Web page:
We got home, after I had trouble parking (I have a hard time backing up in the dark when I can’t see out my rear window) and found the cat waiting for us. Ferdinand proceeded into some sort of pseudo-crying fit over his new bedroom furniture. Anja had suggested in the car that Ferdinand get their old bed — the parents are getting a new one becuase Anja had trouble sleeping on the old one. Mind you, it’s just Anja, but Ferdinand has the idea that this bed isn’t good enough for him. I think. But, it was past midnight and past midnight is not a good time to discuss anything with Ferdinand — he just needs to sleep and discuss in the morning.

Such is life.

Still, saying that 50 Cent songs are perfect, or incredible . . . Atrocity. Really.
And, because I round out posts, here’s a picture of a poster found in Tulcea, Romania:

Note: This post originally ran on my blog from many years ago, wheeleringermany.blogspot.com. I posted to and updated it during some of my tenure as an au pair in Dresden, Germany.

A feeling of obligation exists at the onset of each blog posting. Or the beginning of each written work. The trepidation is engendered between the inception of the idea and the moment the writer sits down to write, or, while he is writing. It is often times so much that the written work is never started for fear of not finishing, for fear of lacking the content should the work be written.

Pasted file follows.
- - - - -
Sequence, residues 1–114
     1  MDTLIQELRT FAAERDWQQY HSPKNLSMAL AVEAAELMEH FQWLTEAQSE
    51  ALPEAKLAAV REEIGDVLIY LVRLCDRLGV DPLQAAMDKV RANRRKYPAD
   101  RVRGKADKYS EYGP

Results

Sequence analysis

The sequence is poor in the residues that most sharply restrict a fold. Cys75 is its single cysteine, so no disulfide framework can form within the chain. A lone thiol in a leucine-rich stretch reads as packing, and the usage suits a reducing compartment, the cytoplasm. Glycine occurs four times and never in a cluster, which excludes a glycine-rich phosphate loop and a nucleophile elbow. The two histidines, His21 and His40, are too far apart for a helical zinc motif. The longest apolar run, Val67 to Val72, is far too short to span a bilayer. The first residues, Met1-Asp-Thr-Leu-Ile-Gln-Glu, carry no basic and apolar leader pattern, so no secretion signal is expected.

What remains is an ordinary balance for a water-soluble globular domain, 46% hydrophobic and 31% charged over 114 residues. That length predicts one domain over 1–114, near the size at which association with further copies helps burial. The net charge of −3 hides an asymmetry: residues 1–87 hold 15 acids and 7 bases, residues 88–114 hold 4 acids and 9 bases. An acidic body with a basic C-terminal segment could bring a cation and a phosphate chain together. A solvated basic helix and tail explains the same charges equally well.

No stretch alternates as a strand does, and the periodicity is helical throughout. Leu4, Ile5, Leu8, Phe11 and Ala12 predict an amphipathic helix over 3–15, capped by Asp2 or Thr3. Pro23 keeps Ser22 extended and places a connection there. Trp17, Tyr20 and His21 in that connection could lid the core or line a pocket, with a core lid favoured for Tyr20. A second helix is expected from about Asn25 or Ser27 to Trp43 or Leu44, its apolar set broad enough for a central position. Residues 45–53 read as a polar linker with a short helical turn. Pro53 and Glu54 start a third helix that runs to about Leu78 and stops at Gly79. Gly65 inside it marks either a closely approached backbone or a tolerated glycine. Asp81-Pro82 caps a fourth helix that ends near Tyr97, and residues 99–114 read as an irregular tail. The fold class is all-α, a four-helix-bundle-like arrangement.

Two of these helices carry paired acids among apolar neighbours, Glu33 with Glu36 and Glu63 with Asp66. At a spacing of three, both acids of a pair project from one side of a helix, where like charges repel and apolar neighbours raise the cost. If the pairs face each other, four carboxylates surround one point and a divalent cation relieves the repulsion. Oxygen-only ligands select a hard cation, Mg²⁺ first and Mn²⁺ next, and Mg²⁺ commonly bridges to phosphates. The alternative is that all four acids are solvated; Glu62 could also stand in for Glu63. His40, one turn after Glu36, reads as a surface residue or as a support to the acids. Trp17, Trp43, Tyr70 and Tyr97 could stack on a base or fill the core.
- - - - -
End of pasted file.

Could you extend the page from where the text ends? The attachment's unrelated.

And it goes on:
What a bastard, this feeling of obligation is.
I should write here about my summer travels, or, about my fall travels. Or about something important, something interesting, something other than mundane or vaguely alcoholic. Alas, this is not my way. For:

A sense of amazement and relief swept over me on Wednesday evening after I’d settled in at the bar the English club was meeting in. After I’d checked to make sure no clubbers had arrived yet, I went to the bar, checked the menu written in chalk and decided that I was going to have a .4 liter Budweiser. Not a Budweiser we know in the states but rather the Czech Budweiser, (Booed-vy-ser.)
It was from the tap. It was only two euros. I knew I was back in Dresden, that I was back in Germany, that I was back in a place I love to be. And, that the beer is affordable and cold here in Dresden. And that I love that.

And then, in club, when I said how nice was it was to only pay two Euros for a beer, I was told that you only pay one Euro in the Czech Republic.
Still. It’s nice to be back in Dresden and to have a decent, cold beer at a price I can afford.

But, to round out the post, here’s a picture from the mud volcanoes I visited in Romania. And these were the mud volcanoes I did not pay to see but rather hiked to.